In fact, the fatalism we see about tech companies is incredibly present‐biased. Large businesses have been predicted to monopolise sectors owing to these same economic phenomena before, only to be cannibalised by new products or ways of doing business.
The “network effects” said to protect Facebook or Google from competition were, at different times, thought to be creating monopolies out of MySpace, Microsoft’s Internet Explorer and AOL’s Instant Messenger.
As late as 2006, experts claimed that web managers optimising their sites for Internet Explorer due to its wide usage created a feedback loop that would be an insurmountable barrier to competitors. In the case of AOL’s Instant Messenger, 40 businesses even wrote to the US Federal Communications Commission asking for AOL’s network to be opened to other firms’ services. Since then, MySpace has been eaten alive by Facebook, Internet Explorer by Google Chrome, and instant messaging is now available on scores of new apps and services.
History, in other words, is replete with examples of dominant firms falling by the wayside despite having the exact same economic advantages that worry us today.
Experts wail about Apple’s app store, for example. They say the firm is anticompetitive because it makes the store the exclusive download mechanism for apps on the iPhone, supposedly giving itself monopoly power to extort app producers.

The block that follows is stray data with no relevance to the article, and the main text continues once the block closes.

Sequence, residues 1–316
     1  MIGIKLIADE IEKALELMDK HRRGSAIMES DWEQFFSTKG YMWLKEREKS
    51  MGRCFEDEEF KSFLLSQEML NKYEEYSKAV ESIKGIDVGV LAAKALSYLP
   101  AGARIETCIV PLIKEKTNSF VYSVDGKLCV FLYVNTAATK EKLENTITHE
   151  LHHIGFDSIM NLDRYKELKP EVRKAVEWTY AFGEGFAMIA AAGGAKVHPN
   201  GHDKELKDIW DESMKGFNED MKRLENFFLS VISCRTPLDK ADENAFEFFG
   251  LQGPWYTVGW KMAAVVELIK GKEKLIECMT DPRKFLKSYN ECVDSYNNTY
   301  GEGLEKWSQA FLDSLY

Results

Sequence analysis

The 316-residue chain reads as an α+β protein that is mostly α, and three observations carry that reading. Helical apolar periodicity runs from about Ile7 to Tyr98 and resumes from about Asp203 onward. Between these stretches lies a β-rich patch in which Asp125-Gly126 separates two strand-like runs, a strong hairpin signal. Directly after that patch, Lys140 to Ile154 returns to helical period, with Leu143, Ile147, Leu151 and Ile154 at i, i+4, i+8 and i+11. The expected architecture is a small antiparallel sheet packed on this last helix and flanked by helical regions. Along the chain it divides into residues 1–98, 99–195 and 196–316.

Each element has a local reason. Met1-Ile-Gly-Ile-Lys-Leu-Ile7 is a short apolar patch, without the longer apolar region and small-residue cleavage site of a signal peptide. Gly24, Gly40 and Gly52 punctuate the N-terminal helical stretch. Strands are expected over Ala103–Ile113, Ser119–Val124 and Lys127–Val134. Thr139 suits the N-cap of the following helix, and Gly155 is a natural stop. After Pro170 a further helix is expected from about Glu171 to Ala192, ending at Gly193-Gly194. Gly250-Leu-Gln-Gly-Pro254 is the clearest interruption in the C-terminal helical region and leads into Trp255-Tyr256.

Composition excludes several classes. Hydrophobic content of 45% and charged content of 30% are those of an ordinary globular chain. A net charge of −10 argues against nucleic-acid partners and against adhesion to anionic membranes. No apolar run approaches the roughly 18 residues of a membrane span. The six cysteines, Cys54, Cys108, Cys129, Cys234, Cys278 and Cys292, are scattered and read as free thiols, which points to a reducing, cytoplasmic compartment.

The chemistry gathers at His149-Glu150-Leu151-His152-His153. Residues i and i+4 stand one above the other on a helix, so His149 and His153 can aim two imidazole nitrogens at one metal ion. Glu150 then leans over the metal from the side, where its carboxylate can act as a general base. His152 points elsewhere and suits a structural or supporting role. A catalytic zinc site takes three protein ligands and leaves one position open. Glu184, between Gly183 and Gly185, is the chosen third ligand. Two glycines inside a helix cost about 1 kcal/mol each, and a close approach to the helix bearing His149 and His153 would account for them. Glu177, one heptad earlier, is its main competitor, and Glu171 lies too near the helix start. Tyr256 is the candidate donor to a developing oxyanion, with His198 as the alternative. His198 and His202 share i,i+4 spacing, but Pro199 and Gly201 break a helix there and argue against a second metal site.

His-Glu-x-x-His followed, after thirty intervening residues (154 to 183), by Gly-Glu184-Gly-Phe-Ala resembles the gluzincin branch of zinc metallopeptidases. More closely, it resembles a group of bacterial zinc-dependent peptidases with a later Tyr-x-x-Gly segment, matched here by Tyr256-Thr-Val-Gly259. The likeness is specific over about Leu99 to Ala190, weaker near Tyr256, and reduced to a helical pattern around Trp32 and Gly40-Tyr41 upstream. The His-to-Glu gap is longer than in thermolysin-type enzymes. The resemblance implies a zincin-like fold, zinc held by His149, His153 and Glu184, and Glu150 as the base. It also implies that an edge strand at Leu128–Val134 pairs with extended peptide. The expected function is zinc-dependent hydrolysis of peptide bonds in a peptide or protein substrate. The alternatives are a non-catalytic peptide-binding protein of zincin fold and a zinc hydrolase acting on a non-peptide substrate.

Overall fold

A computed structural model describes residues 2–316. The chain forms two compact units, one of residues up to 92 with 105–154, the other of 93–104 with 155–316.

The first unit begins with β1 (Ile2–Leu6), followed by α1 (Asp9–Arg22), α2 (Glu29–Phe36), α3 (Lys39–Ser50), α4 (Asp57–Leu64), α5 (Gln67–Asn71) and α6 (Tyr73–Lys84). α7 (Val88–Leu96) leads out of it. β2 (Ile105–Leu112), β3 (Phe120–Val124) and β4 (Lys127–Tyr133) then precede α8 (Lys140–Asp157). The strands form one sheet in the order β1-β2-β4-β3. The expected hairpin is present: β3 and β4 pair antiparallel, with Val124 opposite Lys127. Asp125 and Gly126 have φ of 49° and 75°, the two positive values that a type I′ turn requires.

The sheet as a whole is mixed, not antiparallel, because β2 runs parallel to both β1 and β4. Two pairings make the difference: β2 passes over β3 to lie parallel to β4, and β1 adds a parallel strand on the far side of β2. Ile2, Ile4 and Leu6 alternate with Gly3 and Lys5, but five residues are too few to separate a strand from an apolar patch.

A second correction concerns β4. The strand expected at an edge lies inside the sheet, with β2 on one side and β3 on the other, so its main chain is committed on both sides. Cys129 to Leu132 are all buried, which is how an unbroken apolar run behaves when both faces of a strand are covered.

Leaving aside that developing the app store (as with Amazon’s marketplace) has boosted competition across scores of markets, similar arguments were made about Apple’s iPods only playing songs formatted from its iTunes store. Then came the rise of music subscription services, such as Spotify and Pandora, as well as the smartphone. Technology and changing consumer tastes ultimately forced an unbundling of music purchase and listening devices.
This kind of competitive pressure is difficult to forecast. But it’s real. Kodak, long dominant in the film and photography market, missed the boat on digital cameras, before that sector was again disrupted by smartphones and the internet.
In 2007, Forbes magazine claimed economies of scale for Nokia made life near‐impossible for its rivals, by generating “more money to invest in research and development”. Nokia’s technological superiority was said to mean “no mobile company will ever know more about how people use phones”. The first iPhone launched that year.
As these investigations get under way, be extraordinarily wary about claims that “this time is different” and necessitates a new antitrust approach. This politically convenient talking point will come from both well‐meaning economic sources and vested interests, and the sheer size of these firms will mean it is taken seriously.
Yet history shows investigations can be hijacked to consumers’ detriment. Though these firms may well engage in some anticompetitive actions, none of the economic features that can “tip” markets to one‐firm dominance for a time have created permanent monopolies before. Overhauling policy on the speculative threat of “future harms” is a fool’s errand.